“Historically, whenever there’s been a severe economic downturn, charges have usually spiked the next year,” spokesman David Grinberg said in an interview.
The most dramatic surges in employee claims occurred for those alleging age discrimination and retaliation for complaints of bias. Age discrimination claims rose 29 percent to 24,582, and retaliation claims increased 23 percent to 32,690, according to EEOC data released Wednesday, March 11.
Overall employee claims with the EEOC jumped to 95,402, the most since the agency opened its doors in 1965. Retaliation claims were second in number only to those alleging race discrimination.
“Someone who has lost his job is in a very tough situation and may be looking at a number of avenues where he can replace revenue,” said Gerald Hathaway, an employment lawyer with Littler Mendelson in New York. “But true victims of discrimination are rare. Most commonly, someone files a claim thinking he’s a victim of discrimination, but is not.”
Employers announced 1.22 million job cuts in calendar year 2008, the most since 2003, according to consulting firm Challenger, Gray & Christmas. The numbers skyrocketed in November and December to a total of 348,019, accounting for 28 percent of the year’s cuts.
The reductions continued to soar in January and February, rising to 428,099, according to the firm. If cuts were to continue at that pace throughout the year, the 2009 figure would be by far the highest annual total in the last 20 years.
Employees who want to file a claim have six months since the last action of alleged discrimination to do so, Grinberg said.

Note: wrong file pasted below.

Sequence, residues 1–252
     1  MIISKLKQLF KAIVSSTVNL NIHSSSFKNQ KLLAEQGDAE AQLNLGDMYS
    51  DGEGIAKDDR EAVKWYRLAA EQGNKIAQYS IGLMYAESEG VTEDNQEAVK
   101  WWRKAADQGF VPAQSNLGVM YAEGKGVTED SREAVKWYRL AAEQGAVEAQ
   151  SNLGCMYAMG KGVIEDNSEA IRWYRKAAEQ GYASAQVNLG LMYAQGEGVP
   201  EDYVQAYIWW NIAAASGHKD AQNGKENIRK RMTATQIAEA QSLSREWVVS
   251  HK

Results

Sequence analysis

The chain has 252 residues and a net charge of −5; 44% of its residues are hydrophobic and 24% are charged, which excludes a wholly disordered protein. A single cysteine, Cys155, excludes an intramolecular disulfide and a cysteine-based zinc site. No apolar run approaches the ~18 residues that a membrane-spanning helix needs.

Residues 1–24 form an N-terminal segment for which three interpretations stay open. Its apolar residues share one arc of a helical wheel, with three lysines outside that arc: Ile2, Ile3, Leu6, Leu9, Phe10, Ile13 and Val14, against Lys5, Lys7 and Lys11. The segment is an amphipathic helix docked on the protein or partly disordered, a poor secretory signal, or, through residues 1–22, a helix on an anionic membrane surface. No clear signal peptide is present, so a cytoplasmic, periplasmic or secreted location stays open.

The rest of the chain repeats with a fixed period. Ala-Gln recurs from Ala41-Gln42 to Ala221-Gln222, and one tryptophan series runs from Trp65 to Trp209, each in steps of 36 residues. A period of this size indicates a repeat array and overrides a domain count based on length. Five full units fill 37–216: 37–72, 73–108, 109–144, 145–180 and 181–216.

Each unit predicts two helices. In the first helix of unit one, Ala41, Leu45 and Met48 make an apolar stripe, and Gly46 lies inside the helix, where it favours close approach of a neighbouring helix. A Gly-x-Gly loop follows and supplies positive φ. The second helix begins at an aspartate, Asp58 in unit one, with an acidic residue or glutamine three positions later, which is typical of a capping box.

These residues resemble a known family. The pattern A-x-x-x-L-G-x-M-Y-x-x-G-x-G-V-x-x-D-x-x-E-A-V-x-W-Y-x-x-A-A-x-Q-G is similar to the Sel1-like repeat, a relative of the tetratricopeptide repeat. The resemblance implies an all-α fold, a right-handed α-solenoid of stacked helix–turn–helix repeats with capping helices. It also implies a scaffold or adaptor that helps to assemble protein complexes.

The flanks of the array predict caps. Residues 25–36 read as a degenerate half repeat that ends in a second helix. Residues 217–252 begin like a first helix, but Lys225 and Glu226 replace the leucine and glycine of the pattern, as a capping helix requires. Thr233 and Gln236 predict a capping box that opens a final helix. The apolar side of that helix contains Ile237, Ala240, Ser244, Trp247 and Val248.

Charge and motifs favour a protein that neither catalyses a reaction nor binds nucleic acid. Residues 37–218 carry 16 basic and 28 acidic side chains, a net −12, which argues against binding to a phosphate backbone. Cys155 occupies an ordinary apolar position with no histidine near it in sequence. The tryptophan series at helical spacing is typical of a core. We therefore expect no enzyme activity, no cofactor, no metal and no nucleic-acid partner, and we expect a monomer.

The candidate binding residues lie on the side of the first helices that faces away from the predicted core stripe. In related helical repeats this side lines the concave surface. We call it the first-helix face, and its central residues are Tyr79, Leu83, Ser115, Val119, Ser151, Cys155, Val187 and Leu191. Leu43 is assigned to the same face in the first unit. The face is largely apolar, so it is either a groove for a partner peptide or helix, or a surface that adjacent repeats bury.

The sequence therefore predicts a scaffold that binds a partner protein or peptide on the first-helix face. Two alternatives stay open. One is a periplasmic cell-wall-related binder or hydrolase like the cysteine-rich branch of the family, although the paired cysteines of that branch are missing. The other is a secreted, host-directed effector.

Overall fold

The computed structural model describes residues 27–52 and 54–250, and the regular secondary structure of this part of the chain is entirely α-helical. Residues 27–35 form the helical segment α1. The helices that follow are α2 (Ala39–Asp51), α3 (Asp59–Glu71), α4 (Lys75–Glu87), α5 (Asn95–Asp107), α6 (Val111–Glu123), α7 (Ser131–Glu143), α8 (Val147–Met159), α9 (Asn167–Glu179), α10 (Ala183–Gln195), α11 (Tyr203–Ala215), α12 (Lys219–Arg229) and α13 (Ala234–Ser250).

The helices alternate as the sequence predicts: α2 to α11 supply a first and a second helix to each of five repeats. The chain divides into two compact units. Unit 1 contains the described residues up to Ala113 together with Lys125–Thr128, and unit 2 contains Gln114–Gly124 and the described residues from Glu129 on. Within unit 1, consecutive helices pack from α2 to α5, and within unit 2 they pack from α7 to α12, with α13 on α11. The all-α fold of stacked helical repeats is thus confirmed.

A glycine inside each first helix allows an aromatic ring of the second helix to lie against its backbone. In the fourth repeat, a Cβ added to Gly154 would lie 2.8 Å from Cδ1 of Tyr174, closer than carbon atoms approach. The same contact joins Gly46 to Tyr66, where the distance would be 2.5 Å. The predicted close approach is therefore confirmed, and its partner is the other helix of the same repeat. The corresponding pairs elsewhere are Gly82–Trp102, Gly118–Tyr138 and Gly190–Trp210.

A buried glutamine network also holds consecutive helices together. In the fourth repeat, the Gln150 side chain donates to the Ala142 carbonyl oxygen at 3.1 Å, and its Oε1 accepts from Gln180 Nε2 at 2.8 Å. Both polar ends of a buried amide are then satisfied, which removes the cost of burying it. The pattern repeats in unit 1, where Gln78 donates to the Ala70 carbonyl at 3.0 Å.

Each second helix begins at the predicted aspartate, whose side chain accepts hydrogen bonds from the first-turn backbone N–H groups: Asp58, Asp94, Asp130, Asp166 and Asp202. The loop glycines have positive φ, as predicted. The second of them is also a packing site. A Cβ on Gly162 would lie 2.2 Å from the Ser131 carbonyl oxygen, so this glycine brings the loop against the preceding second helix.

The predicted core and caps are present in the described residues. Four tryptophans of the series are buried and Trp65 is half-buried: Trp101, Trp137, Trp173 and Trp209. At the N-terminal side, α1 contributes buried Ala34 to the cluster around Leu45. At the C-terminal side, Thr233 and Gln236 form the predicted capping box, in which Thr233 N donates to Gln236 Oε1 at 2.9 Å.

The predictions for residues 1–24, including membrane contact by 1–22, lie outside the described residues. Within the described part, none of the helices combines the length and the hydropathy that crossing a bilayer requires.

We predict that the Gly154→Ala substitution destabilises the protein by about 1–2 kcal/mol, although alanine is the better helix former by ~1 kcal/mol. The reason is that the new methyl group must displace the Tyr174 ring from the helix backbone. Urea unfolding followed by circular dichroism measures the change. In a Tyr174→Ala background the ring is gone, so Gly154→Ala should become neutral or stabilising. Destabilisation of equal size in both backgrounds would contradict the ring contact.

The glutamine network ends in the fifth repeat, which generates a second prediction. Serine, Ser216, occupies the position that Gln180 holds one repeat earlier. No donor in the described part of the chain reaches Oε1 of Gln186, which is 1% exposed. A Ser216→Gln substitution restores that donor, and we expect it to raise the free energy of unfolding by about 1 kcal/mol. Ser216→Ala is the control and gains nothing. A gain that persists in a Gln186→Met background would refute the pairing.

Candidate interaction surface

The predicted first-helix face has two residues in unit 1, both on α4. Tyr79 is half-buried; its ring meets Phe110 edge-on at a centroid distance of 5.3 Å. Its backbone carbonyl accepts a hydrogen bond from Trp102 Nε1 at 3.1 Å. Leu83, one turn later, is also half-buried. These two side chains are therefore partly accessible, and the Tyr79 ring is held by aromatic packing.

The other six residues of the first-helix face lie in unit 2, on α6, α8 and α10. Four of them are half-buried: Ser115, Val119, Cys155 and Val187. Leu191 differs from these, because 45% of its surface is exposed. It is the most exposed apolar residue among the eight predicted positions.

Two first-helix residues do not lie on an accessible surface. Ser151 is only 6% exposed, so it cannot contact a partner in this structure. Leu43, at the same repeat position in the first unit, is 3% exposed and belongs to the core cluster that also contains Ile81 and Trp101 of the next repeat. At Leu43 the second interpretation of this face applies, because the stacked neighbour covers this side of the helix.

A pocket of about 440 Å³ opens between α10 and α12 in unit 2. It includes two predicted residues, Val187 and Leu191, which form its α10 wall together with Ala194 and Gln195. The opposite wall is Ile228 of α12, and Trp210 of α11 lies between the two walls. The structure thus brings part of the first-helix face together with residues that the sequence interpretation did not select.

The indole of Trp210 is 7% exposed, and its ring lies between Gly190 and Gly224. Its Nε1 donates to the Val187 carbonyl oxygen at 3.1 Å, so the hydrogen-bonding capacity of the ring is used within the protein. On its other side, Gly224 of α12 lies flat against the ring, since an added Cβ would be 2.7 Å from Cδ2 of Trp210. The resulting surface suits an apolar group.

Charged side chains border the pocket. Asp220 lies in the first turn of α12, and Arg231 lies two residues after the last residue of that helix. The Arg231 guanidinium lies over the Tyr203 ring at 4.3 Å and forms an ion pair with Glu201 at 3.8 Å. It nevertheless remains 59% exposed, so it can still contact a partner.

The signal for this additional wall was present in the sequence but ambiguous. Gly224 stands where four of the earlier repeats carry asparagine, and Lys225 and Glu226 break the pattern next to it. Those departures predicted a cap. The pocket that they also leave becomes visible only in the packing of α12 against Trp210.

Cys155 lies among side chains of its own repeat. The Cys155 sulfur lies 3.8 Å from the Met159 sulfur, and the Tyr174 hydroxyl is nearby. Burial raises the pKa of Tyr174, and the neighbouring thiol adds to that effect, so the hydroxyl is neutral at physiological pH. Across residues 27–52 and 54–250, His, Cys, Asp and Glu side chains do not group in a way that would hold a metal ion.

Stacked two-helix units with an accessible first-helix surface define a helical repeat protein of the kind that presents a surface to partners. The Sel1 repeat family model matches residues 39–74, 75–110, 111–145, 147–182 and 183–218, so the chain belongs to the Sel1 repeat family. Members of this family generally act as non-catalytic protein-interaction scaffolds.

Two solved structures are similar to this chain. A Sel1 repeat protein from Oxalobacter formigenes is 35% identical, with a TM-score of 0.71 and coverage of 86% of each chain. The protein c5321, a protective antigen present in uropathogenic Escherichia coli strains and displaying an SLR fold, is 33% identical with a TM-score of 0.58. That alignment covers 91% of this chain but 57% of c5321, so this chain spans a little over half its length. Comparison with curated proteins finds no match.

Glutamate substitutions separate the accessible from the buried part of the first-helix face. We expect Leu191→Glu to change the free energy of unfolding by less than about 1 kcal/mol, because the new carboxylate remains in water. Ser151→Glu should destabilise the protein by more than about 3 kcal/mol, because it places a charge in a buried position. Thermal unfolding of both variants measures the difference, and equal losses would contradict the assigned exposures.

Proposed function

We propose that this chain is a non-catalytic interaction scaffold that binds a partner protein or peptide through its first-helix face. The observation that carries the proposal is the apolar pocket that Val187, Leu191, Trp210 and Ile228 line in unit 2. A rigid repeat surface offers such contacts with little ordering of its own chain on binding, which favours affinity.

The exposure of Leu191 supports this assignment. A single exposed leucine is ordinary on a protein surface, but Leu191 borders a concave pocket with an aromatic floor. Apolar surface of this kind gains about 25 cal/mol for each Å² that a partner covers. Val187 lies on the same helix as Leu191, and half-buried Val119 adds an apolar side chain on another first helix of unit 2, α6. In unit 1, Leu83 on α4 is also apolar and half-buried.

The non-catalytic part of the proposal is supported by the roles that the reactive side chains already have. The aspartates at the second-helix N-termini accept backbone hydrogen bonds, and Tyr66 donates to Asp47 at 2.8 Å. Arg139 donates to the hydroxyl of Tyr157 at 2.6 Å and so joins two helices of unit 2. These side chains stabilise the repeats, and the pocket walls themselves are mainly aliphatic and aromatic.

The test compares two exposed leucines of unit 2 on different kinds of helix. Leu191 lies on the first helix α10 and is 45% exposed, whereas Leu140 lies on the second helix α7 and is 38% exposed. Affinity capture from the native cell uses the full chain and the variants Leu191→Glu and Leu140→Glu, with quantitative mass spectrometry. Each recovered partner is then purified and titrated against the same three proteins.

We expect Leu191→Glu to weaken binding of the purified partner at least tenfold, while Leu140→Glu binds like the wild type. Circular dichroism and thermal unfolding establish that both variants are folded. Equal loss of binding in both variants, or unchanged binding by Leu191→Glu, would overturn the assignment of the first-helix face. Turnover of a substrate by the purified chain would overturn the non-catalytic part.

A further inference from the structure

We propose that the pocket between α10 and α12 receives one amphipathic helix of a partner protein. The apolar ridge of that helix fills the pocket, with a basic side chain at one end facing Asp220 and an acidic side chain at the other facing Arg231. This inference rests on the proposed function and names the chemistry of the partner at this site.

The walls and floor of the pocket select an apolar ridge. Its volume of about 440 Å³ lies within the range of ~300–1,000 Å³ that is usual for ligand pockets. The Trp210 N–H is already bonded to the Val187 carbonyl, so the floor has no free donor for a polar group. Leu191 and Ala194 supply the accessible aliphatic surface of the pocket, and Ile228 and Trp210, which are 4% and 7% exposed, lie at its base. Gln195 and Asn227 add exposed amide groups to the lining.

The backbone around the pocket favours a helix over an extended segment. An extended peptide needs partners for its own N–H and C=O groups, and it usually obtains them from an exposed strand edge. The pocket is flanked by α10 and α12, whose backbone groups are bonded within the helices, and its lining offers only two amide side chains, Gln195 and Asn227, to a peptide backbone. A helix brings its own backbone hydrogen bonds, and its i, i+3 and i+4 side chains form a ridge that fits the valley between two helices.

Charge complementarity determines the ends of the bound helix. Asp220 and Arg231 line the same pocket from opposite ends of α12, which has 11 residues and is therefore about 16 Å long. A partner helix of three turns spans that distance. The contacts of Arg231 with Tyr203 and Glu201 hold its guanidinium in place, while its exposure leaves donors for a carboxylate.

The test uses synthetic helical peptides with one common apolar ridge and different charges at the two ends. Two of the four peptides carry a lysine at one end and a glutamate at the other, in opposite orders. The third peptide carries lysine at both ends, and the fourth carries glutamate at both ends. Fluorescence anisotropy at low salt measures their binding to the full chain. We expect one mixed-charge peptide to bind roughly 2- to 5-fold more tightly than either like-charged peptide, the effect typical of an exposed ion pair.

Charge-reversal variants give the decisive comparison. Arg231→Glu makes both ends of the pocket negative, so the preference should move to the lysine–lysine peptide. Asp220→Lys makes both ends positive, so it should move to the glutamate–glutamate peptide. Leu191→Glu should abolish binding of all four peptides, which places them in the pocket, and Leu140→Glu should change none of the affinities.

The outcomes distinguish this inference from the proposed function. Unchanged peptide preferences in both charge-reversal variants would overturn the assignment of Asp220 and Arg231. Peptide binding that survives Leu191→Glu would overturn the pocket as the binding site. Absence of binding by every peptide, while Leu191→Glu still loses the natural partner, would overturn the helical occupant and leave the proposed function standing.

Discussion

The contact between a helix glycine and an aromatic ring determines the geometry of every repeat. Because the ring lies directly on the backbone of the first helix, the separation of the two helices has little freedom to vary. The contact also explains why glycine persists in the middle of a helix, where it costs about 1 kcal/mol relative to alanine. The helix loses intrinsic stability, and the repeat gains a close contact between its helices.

A charging party does not have to wait and see how the EEOC resolves his/her case before filing a private suit, according to Grinberg.
A charging party can ask for a Right to Sue Notice at any point in the process, and EEOC is required to provide one no later than 180 days after the request is made. according to Grinberg. An individual may file a private lawsuit even if the EEOC has not resolved their case.
Many employees who may be genuine victims of discrimination may not file claims out of fear of losing their jobs, especially during a recession, Grinberg said.
“It is clear that employment discrimination remains a persistent problem,” EEOC acting Chairman Stuart Ishimaru said in a statement.
Hathaway disagreed, saying that the claims surge is a reflection of both the recession and poor management communication.
“Managers tend to manage around troubled employees rather than confronting the problem directly,” said Hathaway, who advises large and midsize companies on layoffs. “These employees start to feel isolated and wonder if they’re being discriminated against.”
If employees then file claims, managers sometimes “go ballistic,” which explains the soaring number of retaliation complaints, he said.
“The record is full of cases where employees lose on their discrimination allegation but win on complaints of retaliation,” Hathaway said.
The striking increase in age discrimination claims reflects both the aging of the baby boomer workforce and the frequent correlation between employees’ age and pay, said Steven Weatherhead, an employment lawyer with Bello Black & Welsh in Boston.
“Older employees tend to earn more,” Weatherhead said. “And higher salaries are one of a number of factors that managers consider when trying to make the right business decisions.”
To view the EEOC announcement, go to http://www.eeoc.gov/press/3-11-09.html